There is much confusion between this species and Solanum laciniatum. Some botanists unite the two under Solanum aviculare whilst others say that Solanum laciniatum is a tetraploid form of this species[
]. Solanum laciniatum is treated as a distinct species here.
Solanum baylisii Geras.
Solanum cheesemanii Geras.
Solanum glaberrimum Dunal
Common Name: Kangaroo Apple
Solanum aviculare is an evergreen shrub that can grow from 1 - 4 metres tall. A short-lived tree, with soft-wooded trunk and branches persisting for several years, becoming woody at the base and straggly with age[
The edible fruit is gathered from the wild for local use and is also used in cosmetic preparations. A very ornamental plant[
], it has been cultivated for its edible fruit by the New Zealand Maoris[
All green parts of the plant are poisonous[
] and so is the unripe fruit[
All Solanum species contain greater or lesser quantities of spirosolane alkaloids, including solanine and solanidine. These are bitter tasting and potentially poisonous when consumed frequently[
Southeast Asia - Indonesia to Australia - Queensland, New South Wales, Victoria; and New Zealand.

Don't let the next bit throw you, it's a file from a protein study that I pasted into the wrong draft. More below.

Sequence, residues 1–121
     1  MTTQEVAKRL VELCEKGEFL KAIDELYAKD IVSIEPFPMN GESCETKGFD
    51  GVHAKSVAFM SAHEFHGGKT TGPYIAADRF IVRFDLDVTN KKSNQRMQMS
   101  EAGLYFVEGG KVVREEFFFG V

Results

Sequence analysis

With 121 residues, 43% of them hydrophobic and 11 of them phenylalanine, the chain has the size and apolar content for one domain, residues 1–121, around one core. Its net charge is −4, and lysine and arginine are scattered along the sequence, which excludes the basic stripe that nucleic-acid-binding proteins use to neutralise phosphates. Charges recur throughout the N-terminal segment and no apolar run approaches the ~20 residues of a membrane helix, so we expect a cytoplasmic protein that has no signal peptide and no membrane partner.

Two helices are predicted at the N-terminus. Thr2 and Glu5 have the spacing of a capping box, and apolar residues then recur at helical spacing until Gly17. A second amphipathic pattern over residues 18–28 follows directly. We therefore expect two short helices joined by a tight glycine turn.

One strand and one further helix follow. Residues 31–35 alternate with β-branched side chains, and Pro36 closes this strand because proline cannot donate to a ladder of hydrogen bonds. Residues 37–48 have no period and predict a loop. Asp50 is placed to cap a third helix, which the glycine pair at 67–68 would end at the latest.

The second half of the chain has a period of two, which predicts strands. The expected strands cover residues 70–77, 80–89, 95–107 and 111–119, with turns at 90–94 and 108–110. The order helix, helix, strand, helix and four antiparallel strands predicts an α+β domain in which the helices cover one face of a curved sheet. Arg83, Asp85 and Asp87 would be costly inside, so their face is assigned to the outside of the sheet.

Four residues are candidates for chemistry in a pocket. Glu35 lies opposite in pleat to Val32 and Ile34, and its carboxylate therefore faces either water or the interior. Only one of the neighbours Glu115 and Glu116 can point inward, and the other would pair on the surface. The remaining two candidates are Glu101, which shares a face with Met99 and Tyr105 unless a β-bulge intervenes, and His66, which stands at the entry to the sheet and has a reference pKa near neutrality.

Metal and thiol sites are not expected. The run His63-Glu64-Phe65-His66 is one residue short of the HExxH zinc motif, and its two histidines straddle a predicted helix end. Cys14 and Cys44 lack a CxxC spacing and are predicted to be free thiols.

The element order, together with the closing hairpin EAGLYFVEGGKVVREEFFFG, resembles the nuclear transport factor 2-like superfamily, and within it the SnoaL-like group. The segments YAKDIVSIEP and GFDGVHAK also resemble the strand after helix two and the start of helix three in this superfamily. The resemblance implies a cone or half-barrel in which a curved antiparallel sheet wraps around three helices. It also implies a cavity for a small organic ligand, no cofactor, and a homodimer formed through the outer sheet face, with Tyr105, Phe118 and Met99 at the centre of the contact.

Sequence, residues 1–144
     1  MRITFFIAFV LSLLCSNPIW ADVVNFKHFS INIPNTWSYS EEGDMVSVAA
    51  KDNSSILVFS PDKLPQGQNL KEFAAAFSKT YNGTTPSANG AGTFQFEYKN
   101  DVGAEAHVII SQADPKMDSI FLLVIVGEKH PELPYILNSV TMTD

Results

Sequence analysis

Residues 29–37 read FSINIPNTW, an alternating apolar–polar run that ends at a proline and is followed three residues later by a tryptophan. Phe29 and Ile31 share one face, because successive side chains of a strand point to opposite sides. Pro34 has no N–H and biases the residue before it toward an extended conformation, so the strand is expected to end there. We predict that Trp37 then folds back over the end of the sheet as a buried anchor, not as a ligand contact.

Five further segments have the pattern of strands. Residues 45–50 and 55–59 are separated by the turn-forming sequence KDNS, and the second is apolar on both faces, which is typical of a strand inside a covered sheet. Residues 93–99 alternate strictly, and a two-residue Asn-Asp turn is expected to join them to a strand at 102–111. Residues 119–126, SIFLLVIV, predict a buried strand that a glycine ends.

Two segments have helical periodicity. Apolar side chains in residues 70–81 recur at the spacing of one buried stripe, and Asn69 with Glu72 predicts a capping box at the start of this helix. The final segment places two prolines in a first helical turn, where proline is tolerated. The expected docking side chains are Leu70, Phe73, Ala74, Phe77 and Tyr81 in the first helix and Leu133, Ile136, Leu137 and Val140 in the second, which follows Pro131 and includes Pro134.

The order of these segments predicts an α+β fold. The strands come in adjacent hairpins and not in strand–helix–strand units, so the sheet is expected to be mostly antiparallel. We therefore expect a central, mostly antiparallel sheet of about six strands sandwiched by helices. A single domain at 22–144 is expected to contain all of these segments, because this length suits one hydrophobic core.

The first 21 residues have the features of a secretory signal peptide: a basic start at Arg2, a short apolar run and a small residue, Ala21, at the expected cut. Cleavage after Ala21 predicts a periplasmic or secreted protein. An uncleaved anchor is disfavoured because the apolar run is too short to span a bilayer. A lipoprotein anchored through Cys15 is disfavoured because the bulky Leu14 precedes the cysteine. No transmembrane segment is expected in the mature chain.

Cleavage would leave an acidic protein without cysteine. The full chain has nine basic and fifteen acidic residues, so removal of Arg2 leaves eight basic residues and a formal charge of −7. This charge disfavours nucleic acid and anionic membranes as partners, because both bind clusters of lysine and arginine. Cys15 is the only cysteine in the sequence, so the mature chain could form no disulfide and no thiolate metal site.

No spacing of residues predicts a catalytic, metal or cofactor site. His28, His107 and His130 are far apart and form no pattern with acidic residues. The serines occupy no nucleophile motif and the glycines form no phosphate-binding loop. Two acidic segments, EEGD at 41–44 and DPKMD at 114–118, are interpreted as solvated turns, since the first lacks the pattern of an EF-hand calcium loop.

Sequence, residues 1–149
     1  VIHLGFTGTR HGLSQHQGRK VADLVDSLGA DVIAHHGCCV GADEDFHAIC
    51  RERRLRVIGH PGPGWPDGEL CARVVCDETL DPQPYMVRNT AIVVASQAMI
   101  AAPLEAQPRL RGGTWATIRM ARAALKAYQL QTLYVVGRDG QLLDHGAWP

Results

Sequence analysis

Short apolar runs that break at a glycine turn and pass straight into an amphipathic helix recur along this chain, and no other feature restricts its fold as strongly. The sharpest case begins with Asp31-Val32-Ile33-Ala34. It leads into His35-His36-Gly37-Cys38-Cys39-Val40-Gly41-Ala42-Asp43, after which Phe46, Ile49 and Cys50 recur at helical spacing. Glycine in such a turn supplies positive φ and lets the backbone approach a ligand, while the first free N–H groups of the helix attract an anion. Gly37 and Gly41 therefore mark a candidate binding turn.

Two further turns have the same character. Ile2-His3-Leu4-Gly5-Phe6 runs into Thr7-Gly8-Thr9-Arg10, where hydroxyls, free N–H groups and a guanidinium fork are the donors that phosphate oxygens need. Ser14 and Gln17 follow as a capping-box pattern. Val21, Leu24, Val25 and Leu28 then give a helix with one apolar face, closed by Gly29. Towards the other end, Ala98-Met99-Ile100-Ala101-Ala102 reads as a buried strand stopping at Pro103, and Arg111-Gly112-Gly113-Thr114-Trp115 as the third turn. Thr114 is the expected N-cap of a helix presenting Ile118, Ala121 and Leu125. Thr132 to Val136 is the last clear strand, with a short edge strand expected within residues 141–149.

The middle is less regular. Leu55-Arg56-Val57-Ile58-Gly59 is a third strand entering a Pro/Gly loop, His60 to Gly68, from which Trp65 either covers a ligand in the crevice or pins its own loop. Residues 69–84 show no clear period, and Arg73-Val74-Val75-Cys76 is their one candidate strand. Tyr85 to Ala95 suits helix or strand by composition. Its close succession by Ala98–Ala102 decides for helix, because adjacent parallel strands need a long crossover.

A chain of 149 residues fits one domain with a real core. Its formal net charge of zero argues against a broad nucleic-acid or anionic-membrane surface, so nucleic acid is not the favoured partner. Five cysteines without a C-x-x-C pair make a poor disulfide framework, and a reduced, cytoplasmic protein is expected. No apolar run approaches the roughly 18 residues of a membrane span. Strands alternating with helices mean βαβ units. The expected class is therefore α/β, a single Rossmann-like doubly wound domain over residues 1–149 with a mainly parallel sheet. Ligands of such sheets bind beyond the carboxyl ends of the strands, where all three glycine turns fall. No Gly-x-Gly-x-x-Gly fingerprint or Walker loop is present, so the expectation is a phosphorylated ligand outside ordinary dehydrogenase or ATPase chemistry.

Coastal and lowland forest margins and shrubland on North South and Chatham Islands in New Zealand[
]. Disturbed areas in upland and mountain rain forest at elevations from 700 - 1,100 metres in Queensland[
|Other Uses Rating
|Cultivated, Ornamental, Wild
Solanum aviculare is found from the warm temperate to usually higher elevations in the tropical zone.
Succeeds in most fertile soils in a sunny position[
A fast-growing but short-lived plant[
Fruit - raw or cooked[
]. It must be thoroughly ripe because the unripe fruit is poisonous[
]. It can be used as a sweet fruit or as a vegetable[
]. Best harvested once it has fallen from the plant, the fruit will then have lost its unpleasant acidity[
]. It tastes much worse than it looks, the fruit is sickly sweet and often bitter[
]. The quality varies from plant to plant and even from year to year from the same plant[
]. The fruit is up to 2cm long and contains a large number of flat seeds[
The leaves are used for poultices[
A source of steroids, much used in the pharmaceutical industry. The unripe berries are the richest source[
The plant is often used as a hedge[
Used as a rootstock for the tree tomato (Cyphomandra betacea)[
An extract of the fruit is used as an ingredient in commercial cosmetic preparations as a skin conditioner[
The oil extracted from the seeds is used as an ingredient in commercial cosmetic preparations as an antioxidant, humectant, sin conditioner and skin protector[
Seed - sow in trays in a nursery. Prick out the seedlings into individual pots when they are large enough to handle and grow them on fast. Plant them out when 10cm or more tall.
Cuttings of half-ripe wood. Very easy, the cuttings root within a couple of weeks.
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